A shape memory alloy (SMA) actuator to recover and convert low grade heat to mechanical work is described in unpublished PCT patent application number PCT/EP2012/074566, assigned to Exergyn Limited, and incorporated herein fully by reference.

It will be appreciated that while SMA material/core is substantially described herein with respect to the Figures, the invention can be applied to a class of materials more generally known as ‘active material’ or Negative Thermal Expansion (NTE) materials. NTE materials include those compositions that can exhibit a change in stiffness properties, shape and/or dimensions in response to an activation signal, which can be an electrical, magnetic, thermal or a like field depending on the different types of active materials. Preferred active materials include but are not limited to the class of shape memory materials, and combinations thereof. Shape memory materials, a class of active or NTE materials, also sometimes referred to as smart materials, refer to materials or compositions that have the ability to remember their original shape, which can subsequently be recalled by applying an external stimulus (i.e., an activation signal).

First Embodiment

The energy recovery device of the invention offers a more compact alternative as to using extremely long wires of SMA to obtain a significant deflection for applications where space is limited.

If one considers the example of a 1 m long SMA wire, a 4% deflection would mean a contraction of 0.04 m. If the application for which this contraction is necessary needs a more compact design the solution would be to split the long SMA wire into shorter ones. This design is efficient only if the deflection obtained for all the smaller segments of SMA is accounted for as having a cumulative effect, as illustrated in FIG. 1.

In the present invention, the SMA material is divided into a plurality of shorter elements, mounted radially around the circumference of a module. In this way, the deflection of each of the shorter individual lengths will only be a function of the length of the element, however power output can be maintained as the total mass of wire is maintained. The SMA core comprises a plurality of SMA elements to define a module, wherein a plurality of modules are mounted in series and whereby movement of a first module is configured to be input to a second module enabling cumulative rotation of the shaft.

For example, by splitting the 1 m long SMA wire in shorter segments, a deflection of 4% would be obtained for each of these segments and by using a cumulative effect for these deflections a total contraction of 0.04 m will be obtained in a fraction of the space needed as for the 1 m long SMA wire, were it to be mounted linearly.

Modules of the SMA material as described above are then mounted adjacently and connected in a serial manner such that each core is moved through a distance corresponding to that of the displacement of the SMA on the immediately prior core. This new position then becomes the starting point for activation of the SMA in this core. This sequence continues through the multiple cores. The net effect is that the stroke of the SMA is progressively accumulated over all of the cores, thus enabling an amplification of the stroke, as shown in FIG. 1b.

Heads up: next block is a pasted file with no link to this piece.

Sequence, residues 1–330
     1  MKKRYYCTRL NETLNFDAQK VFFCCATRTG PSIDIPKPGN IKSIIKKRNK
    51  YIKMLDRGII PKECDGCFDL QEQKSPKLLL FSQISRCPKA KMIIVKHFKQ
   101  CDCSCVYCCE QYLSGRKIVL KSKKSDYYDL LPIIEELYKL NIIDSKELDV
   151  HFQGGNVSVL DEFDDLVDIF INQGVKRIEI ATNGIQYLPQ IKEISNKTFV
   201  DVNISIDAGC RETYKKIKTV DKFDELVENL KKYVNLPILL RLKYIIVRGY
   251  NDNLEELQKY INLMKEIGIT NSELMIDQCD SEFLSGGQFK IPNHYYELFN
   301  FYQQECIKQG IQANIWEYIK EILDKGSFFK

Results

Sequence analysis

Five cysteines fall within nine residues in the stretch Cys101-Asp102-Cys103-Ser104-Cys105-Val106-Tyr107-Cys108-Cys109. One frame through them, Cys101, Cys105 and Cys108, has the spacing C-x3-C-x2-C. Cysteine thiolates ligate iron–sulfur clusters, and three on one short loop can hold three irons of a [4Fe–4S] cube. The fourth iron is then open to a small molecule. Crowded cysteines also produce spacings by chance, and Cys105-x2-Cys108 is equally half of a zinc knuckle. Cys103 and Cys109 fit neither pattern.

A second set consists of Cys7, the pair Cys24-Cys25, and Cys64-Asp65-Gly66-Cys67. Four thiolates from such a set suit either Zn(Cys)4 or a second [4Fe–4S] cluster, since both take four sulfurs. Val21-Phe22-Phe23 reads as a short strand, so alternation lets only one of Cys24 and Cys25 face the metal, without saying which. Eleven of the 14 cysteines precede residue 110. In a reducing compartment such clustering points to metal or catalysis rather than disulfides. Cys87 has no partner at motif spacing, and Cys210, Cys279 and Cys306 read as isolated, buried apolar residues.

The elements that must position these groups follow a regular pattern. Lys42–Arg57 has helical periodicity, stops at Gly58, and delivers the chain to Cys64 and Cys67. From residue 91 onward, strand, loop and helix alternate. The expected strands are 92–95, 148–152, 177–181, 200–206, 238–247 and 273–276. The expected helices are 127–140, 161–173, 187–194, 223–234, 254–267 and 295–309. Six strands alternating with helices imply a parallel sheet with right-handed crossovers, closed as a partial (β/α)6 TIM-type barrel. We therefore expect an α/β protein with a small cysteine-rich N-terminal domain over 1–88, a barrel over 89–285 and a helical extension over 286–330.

The embodiment of the invention presented in FIG. 1c presents the use of CAM clutches as a means of power transmission from the SMA wires to an output shaft. The CAM clutch will allow transmission of this power in one direction, while freewheeling in the other to allow the SMA to be returned to their starting position. It is intended that the output shaft be connected to a component so as to allow for the generation of electricity.

FIG. 1.c) (ii) shows that as the core heats, the SMA components contract, transmitting work to the CAM clutch, which in turn rotates the output shaft. When the core cools (FIG. 1.c) (iii)) the SMA components expand and a return force is exerted and the core returns to its initial state whereby the rotation that is created is not transmitted to the output shaft. It is this operation of unidirectional transmission of work (SMA→Shaft) which will allow for the cumulative rotational output of multiple rotary cores.

Another advantage inherent in the energy recovery system is the enhanced heat transfer regime that is permitted by mounting of the SMA elements transversely in the fluid flow field. This ensures that the maximum possible surface area is exposed to the fluid flow at a given time, thus ensuring enhanced heat transfer and power output for the given mass of wire.

As seen in FIG. 2a) fluid is fed into the hub containing the modules of shape memory alloy. Using the concept of immersion in fluid to activate the SMA wire the modules are engaged gradually and the rotation is transmitted directly to the central shaft. A return spring or other mechanism is used to ensure that the SMA wires are returned to their starting (martensitic) state when heating has finished and cooling commences (FIG. 2a)).